Are we trying to hit the ball over the net or in a particular place or in a specific manner? Are we reminding ourselves of some previously heard ‘tip’ from our favourite tennis coach and repeating it constantly while we are in the process of hitting a forehand or backhand?  What happens when we drop all this and instead bring attention only to the body, for example, the preparation?

I would like to share something I have experienced on the tennis court. I have a single-handed backhand, so for some years now I have had one grip for my forehand and another for my backhand. On return of serve when time was short, I was focusing on making a ‘conscious’ effort to find one grip or the other while the ball came towards me. The result of this, for me, was that I constantly felt rushed on my returns and often found it difficult to ‘find’ my grip.

I experimented with ‘effortless effort’ and gave up the idea of changing my grip and discovered that my returns became much more effective.

I trusted my body to find the grip without telling it what to do. It was a great freedom. Now instead of wondering where the serve was going to come and being ready with the shifts, I was able to just focus on preparing for my swing (finding the ball) and just swinging. As I prepared, the shift took place and I felt I had so much time. I did not feel rushed at all.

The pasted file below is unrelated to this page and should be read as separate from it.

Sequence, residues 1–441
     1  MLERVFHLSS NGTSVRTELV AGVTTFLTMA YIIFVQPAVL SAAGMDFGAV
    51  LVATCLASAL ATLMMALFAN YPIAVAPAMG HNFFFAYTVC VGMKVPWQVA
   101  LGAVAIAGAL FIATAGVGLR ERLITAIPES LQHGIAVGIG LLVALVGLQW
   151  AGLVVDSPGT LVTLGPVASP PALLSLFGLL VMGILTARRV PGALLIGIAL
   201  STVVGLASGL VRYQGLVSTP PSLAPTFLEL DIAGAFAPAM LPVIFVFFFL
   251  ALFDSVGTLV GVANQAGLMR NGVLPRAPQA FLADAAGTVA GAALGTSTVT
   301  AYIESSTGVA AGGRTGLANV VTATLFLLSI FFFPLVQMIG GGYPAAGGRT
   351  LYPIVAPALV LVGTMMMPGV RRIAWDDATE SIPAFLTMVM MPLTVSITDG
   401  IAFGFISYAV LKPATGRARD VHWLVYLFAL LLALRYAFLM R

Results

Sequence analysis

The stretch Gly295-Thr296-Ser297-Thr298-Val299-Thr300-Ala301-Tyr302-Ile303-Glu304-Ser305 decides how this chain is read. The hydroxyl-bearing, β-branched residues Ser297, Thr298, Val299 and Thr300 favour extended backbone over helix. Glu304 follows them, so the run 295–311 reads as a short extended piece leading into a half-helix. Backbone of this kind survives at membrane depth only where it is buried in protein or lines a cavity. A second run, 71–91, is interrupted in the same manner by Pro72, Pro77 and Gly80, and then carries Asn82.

This is just one example, but there are many more.

What are you trying to do on the court? Where is your effort and how intense is it?

All trying creates tension. Has to. Can you feel it? How is it possible to be relaxed, waiting and being open to whatever is about to unfold when we trying so hard to prepare for what ‘might’ happen.

Mind wants to control the approaching situation, by preparing in advance, which takes us out of the ‘flow’; while trusting the body allows us to wait with an inner stillness that will enable us to respond to whichever situation presents itself.

This response is not be infallible (I am not saying you will never make a mistake), but it will be as successful as our full tennis skills, athletic ability and focus (management of fear) allows.

Can you trust your body?

February tip of the month: is tennis an arm sport?

Friday, February 12th, 2016


February Tip of the month: Is tennis an arm game?

This tip is more for club players, but it can be relevant to any level of player because it reinforces fundamentals. In addition, if your game breaks down at crucial times during competition because of nerves this tip can also be helpful to you.

Look around at your local tennis club and you will see that one of the biggest ‘problems’ players have is that they do not finish their swings. It is possible for coaches to spend hours and even years screaming out ‘finish the stroke’ (I know, I’ve been there!), without any success. The reason why the reminding doesn’t work is because, although this looks like a simple technical issue, it is not!

The real reason the follow through stops abruptly is because of fear and unless we address the fear, it is highly unlikely things will change. Sometimes, the fear can be obvious and sometimes it can be very subtle, but the fear and desire for control will be there for anyone to see if they choose to ‘look in’ as opposed to just looking outside.